Ethan_Sedai

Shardpools and Mountains

13 posts in this topic

Something I noticed about every natural ”Shardpool” perpendicularity: (meaning every perpendicularity that was not placed or moved) 

They are ALL in the mountains.

On Roshar: Cultivation’s perpendicularity is in the Horneater peaks.

On Sel: the only Shardpool we see is up in the Aonic mountains. 

On First of the sun: Patji’s eye, at the very top of the Island.

On Scadrial: During Alendi’s time, Both the Well of Ascension and Ruin’s Shardpool (the dark lake that someone tried to take a sample of, but was stabbed by the Mist Spirit.)

During Era 1, the Well was placed intentionally placed in Luthadel. The Pits of Hathsin, I think might have also been intentionally placed, and they aren’t really a “Shardpool.” I also don’t have a very intimate knowledge of the geography around the Pits, so I don’t know if they are in a terrain that could be called “mountainous.” (All that to say I don’t know whether or not it counts.)

During Era 2, the perpendicularity is the blue mountain spring that is mentioned in the Broadsheets.

On Nalthis and Taldain, we haven’t seen the perpendicularity, but we also haven’t seen any long walks through the mountains...

Anybody else notice this pattern, or have any idea as to why that is?

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Leras said that the pools were like a condensation of their power. Could it be just that the power naturally condenses in high up areas as they are “closest” to it?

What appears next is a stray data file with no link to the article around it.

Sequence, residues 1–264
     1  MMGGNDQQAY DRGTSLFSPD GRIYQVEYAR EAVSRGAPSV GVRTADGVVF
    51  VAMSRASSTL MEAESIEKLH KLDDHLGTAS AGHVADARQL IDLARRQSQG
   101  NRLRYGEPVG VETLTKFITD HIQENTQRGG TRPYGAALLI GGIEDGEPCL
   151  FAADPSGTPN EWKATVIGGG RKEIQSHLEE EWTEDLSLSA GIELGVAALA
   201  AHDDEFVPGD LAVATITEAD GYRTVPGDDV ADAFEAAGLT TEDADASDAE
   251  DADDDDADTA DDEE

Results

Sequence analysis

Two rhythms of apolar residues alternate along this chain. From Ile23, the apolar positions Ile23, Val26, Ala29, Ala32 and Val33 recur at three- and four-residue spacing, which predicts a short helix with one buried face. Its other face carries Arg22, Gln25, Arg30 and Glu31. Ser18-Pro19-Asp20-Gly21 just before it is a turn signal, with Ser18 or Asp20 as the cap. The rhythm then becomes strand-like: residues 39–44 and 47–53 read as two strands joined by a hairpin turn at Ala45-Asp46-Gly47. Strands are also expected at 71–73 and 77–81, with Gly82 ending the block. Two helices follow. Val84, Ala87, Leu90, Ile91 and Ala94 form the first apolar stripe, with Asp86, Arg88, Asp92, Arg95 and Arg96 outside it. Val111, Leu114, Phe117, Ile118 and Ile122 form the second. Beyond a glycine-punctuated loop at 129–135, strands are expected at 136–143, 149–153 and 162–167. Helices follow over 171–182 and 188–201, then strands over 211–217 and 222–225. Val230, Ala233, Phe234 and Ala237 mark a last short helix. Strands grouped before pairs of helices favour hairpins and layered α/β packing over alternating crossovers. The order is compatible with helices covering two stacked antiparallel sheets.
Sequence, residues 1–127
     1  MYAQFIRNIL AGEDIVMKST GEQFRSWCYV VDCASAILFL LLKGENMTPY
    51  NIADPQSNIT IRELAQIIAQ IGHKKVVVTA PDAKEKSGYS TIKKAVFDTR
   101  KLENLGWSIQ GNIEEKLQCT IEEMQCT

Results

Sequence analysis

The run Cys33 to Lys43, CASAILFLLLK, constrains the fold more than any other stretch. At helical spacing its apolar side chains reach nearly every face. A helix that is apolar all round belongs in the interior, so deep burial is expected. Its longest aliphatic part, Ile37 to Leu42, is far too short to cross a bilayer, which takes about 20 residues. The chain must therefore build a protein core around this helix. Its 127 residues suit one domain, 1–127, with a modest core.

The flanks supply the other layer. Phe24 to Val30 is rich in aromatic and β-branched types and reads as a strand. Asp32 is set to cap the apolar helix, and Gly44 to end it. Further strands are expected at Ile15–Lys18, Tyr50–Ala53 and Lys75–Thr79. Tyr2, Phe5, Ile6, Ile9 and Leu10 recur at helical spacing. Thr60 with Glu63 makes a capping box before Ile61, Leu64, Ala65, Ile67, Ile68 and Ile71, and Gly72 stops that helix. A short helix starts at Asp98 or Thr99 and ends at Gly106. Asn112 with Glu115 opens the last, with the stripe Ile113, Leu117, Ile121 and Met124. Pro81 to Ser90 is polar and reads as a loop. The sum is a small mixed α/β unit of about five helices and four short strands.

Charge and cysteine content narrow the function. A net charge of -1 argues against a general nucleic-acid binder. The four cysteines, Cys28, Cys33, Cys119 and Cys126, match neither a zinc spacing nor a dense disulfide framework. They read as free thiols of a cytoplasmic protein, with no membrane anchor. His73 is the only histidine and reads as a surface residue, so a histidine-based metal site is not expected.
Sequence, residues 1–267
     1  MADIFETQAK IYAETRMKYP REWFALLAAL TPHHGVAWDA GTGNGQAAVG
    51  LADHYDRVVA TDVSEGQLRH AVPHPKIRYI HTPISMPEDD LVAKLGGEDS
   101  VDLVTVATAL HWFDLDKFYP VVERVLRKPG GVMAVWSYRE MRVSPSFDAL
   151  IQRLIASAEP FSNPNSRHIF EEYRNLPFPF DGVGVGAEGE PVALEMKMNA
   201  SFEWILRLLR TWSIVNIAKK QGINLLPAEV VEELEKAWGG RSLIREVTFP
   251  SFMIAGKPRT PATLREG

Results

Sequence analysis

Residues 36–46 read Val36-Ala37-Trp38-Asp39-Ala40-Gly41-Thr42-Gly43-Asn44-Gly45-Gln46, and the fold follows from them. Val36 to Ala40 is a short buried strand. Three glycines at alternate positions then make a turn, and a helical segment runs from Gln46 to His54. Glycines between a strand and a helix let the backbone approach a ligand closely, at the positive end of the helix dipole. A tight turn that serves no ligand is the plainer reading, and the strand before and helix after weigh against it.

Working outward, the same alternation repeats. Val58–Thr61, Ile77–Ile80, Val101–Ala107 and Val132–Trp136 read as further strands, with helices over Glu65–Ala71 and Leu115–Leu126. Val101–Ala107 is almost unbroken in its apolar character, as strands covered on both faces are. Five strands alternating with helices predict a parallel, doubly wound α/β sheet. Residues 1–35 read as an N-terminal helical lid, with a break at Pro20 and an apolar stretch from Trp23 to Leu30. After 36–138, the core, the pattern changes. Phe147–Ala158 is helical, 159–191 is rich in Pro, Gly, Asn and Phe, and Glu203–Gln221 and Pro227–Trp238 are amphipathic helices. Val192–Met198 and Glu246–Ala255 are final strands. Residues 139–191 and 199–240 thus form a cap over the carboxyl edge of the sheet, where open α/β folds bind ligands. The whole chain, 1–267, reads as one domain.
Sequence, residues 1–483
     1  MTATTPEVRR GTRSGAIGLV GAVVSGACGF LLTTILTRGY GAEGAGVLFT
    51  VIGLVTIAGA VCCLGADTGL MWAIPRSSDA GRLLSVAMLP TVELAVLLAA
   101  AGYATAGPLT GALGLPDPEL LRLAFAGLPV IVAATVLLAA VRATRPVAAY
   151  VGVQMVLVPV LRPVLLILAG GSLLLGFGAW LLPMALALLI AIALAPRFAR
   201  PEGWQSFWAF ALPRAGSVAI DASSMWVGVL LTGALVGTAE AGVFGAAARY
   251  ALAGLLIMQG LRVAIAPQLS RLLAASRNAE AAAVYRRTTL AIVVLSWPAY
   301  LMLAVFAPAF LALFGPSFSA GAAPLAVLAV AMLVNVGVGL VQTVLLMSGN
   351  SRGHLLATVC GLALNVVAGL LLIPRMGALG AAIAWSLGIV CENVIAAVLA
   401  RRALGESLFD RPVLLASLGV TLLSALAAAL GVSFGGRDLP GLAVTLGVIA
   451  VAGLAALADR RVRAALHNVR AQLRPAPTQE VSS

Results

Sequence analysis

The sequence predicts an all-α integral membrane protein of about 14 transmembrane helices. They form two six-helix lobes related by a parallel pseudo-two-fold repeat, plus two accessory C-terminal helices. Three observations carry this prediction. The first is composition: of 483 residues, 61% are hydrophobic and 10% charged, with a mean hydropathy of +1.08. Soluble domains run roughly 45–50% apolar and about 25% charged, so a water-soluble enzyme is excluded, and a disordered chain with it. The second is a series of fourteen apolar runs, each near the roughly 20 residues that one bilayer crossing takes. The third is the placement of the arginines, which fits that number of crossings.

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1 hour ago, Lunamor said:

Leras said that the pools were like a condensation of their power. Could it be just that the power naturally condenses in high up areas as they are “closest” to it?

You can't really be "close" to a being that exists primarily in the Spiritual Realm. You're always near it because everything is connected in the Spiritual Realm

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I am entirely serious in the silly sounding answer. Maybe, shards associate themselves with mountains, and thus perpendicularities tend to gather on mountains shards associate with themselves.

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Posted (edited)

A possible connection:

Brandon is a Christian. At many points throughout the Bible a prophet will climb to the top of a mountain to speak to God. This implies that mountains are closer to God, weather that be physically, spiritually, or metaphorically. Maybe the shardpools being located on mountains is indirectly based off the idea of mountains being closer to heaven.

Edited by not an Evil Librarian
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The Lord Ruler moved the Well when he ascended for only a brief time so I assume full-time gods can move their pools after the pools have formed. They may make a mountain to raise them up to a place where people are unlikely to stumble upon them. 

On Nalthis isn't Edgli's pool underneath the earth and the investiture seeps out creating the special flowers Edgli's Tears? Ruin's pool was also underground. 

Bury it or raise a mountain under it ... or have it move like Honor's. They all seem to make their perpendicularities hard to find. 

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Posted (edited)